Melbourne retailers vented frustration and exhaustion on Sunday after learning they would have to wait longer for news about the path to reopening, though the sector agreed safety of shoppers was paramount.
Operators were taken by surprise by news Premier Daniel Andrews was delaying announcements about further moves out of lockdown on Sunday as the state continued to monitor an outbreak of coronavirus cases in the northern suburbs.
“I think ‘death by a thousand cuts’ comes to mind. I understand that the idea of an extra two days wait [on the news] doesn’t seem like a lot. But this was supposed to be a six-week lockdown – it’s now almost four months in,” said Martin Matthews, the incoming chief executive of APG Group, which operates brands including Sportscraft and SABA.
Mr Matthews said retailers were ready to operate in line with COVID safety guidelines and uncertainty about re-opening added to other worries including how much work they could give staff once in-store trading resumed.
“I think employment will be the next major challenge. It will be about how many hours we can give to people.”
Mr Andrews emphasised on Sunday the government wanted to wait to analyse test results and ensure an outbreak of the virus in the northern suburbs was under control before a further ease of restrictions.
Suburban shopping strip operators expressed their dismay with having to wait longer for re-opening news. Chapel Street Precinct general manager Chrissie Maus said the uncertainty was “frankly inhumane” given the case numbers. The state record seven new cases of the virus on Sunday, bringing the 14-day rolling average below five.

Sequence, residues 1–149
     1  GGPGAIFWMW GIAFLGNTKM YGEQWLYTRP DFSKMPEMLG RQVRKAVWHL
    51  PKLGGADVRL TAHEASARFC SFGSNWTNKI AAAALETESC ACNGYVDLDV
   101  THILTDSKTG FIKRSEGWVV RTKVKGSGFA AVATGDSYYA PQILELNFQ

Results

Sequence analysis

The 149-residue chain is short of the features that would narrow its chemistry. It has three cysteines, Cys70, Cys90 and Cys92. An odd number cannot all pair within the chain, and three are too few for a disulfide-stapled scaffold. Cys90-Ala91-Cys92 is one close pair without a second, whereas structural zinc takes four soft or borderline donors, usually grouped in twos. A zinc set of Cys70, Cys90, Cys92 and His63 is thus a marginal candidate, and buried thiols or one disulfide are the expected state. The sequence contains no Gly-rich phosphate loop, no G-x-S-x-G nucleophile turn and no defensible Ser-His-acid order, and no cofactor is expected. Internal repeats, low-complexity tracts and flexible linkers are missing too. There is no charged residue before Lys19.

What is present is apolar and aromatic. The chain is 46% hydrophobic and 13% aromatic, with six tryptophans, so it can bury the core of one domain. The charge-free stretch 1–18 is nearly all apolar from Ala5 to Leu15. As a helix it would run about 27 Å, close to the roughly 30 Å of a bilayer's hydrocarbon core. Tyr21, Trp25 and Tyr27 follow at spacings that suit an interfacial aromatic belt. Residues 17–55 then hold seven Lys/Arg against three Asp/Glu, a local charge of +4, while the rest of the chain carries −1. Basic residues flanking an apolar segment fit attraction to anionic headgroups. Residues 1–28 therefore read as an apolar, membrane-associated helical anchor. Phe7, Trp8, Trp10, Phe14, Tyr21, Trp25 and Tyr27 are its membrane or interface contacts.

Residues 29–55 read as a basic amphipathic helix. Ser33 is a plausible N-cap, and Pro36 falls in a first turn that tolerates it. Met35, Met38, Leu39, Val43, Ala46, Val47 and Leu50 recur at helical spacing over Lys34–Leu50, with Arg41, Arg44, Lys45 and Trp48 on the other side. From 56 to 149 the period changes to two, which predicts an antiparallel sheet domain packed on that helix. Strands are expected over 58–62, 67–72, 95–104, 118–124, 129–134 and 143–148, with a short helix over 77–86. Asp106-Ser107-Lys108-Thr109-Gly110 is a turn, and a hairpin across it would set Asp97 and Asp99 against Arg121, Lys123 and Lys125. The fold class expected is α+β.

“We are just eight weeks out from social distancing with Santa, but far from getting into the spirit,” she said.
Other smaller retailers said despite their disappointment, the safety of their customer bases and communities was front of mind.
“The main thing is that we’re all safe – and that we are doing everything that we can to get through this crisis,” said founder of Fitzroy homewares store and artists studio Third Drawer Down, Abigail Crompton.
Ms Crompton said retailers around the globe had been learning to cope with daily uncertainty in the face of the pandemic.
While the Melbourne store has been closed since April, Third Drawer Down’s wholesale business was continuing to thrive in other Australian states, she said.
“Today was disappointing, the idea of reopening is a lovely idea…I’m excited to go back and see it [retail] differently,” she said.
“It doesn’t have to be seven-days-a-week [in store]. The online experience is vital for any good retailer.”
Australian Retailers’ Association chief executive Paul Zahra said while safety of customers was paramount, the sector was tired and frustrated by the unknowns given Victoria was now under an average of five cases a day.
“We’re exasperated, and it appears the goal posts have moved,” he said.
Even if retailers only had to wait until mid-week for more updates, this short time period would still take a toll, he said.
“It’s just been a rollercoaster of expectations, disappointments and delays. I just think every day counts.”
Source: Thanks smh.com